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Teaching the youth how to fish

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As unemployment soars, this company is guiding the youth to grab available opportunities

By Tullah Stephen

Several years ago, Nairobi businessman John Chomba was a frustrated man. Every time he went upcountry, he would ensure that the security lights in his house were off at night. Not that his neighbourhood was that safe a place, but his intentions were to let no one know he was back from the city.  As soon as the young people around discovered he was home, they would pay him visits to ask him for jobs. But jobs were scarce. He could not guarantee most of them jobs in his company-Fontana Enterprises limited – a company that imports Tyres and heavy plant spares. “It can be quite depressing being a young man, enthusiastic, educated and skilled, but with no opportunity to earn a decent living,” says Chomba.

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He says this has been the current state of affairs for the youth in Kenya today. Cognisant of the youth unemployment problem, the government, in 2013, announced that 30 per cent of all government contracts would be allocated to the youth, women and people with disabilities.

Mr Chomba says the initiative, which is being implemented within the context of the Access to Government Procurement Opportunities (AGPO), was one of the noble ideas the government introduced to curb unemployment.

However, years down the line, billions worth of tenders have been put up for grabs but the number of youth and women applying and winning tenders has not been impressive. For instance, a report by the government covering 2013-2014 says only 30,000 youth signed up their entities to do business with the government. Of this, only 6,000 benefited from the programme.

Youth, women and people with disabilities, explains Mr Chomba, have over the years faced numerous challenges, making it hard to participate in business in a manner proportional to their numbers. “While the government went ahead and launched AGPO and e-procurement systems very little, if any, training was offered to the youth on how the process works.”

This was an area that Chomba identified as needing attention.  “Most youths do not apply for government tenders because they do not know how to about it. No one has trained them. If you ask, for instance, what a Local Purchase Order (LPO) is, they cannot explain.”

Other reasons why SME owners miss out on lucrative tenders include poor documentation and quotations as well as failing to meet requirement thresholds.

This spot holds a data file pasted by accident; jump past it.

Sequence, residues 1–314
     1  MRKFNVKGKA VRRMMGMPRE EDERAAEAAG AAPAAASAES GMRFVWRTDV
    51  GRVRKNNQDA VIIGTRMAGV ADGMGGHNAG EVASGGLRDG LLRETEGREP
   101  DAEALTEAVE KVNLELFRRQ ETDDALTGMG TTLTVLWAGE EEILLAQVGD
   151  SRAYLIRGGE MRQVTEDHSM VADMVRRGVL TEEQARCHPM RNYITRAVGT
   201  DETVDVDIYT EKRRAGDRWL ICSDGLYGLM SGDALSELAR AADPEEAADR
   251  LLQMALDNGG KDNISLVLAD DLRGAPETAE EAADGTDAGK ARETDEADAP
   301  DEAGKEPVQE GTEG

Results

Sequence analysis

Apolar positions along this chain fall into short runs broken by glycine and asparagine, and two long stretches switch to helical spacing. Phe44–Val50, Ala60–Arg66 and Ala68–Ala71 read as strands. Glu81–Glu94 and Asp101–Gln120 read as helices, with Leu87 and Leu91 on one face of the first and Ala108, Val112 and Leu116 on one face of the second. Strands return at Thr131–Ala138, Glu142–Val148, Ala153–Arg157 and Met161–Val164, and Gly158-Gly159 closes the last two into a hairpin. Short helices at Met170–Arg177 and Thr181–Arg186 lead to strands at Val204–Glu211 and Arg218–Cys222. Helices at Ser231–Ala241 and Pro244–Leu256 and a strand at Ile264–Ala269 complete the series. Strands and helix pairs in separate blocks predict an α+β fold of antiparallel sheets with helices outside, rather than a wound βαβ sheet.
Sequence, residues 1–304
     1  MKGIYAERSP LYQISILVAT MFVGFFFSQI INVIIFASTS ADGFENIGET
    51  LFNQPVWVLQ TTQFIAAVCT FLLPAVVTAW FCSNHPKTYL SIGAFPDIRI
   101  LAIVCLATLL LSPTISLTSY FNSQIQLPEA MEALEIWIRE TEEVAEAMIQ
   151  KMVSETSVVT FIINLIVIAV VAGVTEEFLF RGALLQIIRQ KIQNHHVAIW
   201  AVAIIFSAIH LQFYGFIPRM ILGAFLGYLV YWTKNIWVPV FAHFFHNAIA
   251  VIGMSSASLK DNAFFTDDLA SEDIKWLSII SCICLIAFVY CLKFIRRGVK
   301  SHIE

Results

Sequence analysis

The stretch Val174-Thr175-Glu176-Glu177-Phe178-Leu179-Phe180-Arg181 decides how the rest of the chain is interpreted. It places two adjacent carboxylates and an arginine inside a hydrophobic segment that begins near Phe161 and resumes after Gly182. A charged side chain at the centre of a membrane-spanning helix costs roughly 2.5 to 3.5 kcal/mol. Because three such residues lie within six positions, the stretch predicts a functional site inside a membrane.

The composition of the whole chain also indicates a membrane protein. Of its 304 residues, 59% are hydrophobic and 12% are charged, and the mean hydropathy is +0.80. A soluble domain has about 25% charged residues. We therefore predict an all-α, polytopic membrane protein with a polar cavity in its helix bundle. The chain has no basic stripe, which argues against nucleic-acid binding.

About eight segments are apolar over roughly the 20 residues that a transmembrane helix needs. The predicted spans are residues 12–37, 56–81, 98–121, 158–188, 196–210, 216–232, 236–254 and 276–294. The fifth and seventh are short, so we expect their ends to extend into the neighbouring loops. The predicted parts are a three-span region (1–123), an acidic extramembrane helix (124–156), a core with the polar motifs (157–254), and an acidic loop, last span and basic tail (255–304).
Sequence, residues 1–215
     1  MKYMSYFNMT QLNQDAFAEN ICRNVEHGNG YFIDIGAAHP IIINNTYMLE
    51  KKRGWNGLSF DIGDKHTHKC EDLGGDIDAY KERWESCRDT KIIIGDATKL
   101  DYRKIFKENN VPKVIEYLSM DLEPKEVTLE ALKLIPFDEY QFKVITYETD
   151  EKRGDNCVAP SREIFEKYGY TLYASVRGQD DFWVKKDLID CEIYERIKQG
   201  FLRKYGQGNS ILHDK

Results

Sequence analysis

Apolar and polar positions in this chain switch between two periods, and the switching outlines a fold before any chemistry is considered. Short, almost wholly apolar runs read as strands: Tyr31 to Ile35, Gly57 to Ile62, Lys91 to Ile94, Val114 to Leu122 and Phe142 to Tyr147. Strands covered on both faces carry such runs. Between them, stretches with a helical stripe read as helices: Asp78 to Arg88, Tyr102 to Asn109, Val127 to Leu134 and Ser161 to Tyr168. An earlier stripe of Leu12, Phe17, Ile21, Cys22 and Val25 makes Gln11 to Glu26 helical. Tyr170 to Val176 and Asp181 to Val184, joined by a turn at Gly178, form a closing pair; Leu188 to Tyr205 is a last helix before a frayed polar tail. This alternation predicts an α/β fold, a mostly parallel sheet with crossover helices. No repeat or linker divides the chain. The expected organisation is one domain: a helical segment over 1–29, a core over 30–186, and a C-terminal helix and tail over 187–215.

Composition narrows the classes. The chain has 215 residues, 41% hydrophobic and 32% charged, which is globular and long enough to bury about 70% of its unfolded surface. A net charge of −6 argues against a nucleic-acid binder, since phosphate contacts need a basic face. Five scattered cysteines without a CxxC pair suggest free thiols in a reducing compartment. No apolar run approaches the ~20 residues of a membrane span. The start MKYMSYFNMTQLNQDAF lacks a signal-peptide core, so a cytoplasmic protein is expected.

As an opportunity to give back to his community Chomba, who at some point in his entrepreneurial journey experienced similar challenges, decided to train young people on the fundamentals.

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The programme involves introducing participants to basic documentation and processes such as; company name search, filling local purchase orders, among other skills. The one-day training gives attendees the know-how to apply for government business.

The training also includes sessions that involve motivational talks. These sessions according to Chomba, are meant to tackle demoralisation among the participating youths. “Our training is more practical than theoretical since we‘re using our real documents for demonstrations and proving to the trainees that ours is a reality show.”

Eligible trainees should at least be O-level graduates and above with basic understanding of English, both written and spoken. In each session, Mr Chomba reveals that a total of 50 participants from various locations are trained per session.

“We piloted the programme between October 2010 and April 2011 in several constituencies in Nairobi and the results were very encouraging.  We saw a youth that’s hungry and thirsty for information and very ready to apply it for a better future.”

He adds that he works closely with the Ministry of Youth Affairs in the counties to identify youths that require training.

The training is free, with the national government catering for logistics.

Though there have been a growing number of youths interested in the programme, there are still numerous challenges that persist. The youth and women in general, do not have the capacity in terms of capital to apply for some government contracts.

Several programmes such as the Uwezo and Youth funds have been set up to provide capital to women and youth but these groups still complain that bureaucracy hinders them from accessing financing.

There are also disincentives for government agencies to contract with SMEs. For example, from the government’s perspective, the costs of evaluating many bids from small, informal enterprises are much higher than that of handling a few bids from large, formal companies.

Chomba says there is need to reduce the initial cost of registering entities. In addition, the government should also loosen rules on requirements that youth must meet to qualify for tenders.

“While many people have registered for the programmes, many have failed to win tenders since the requirements are unachievable for most of them,” he says.

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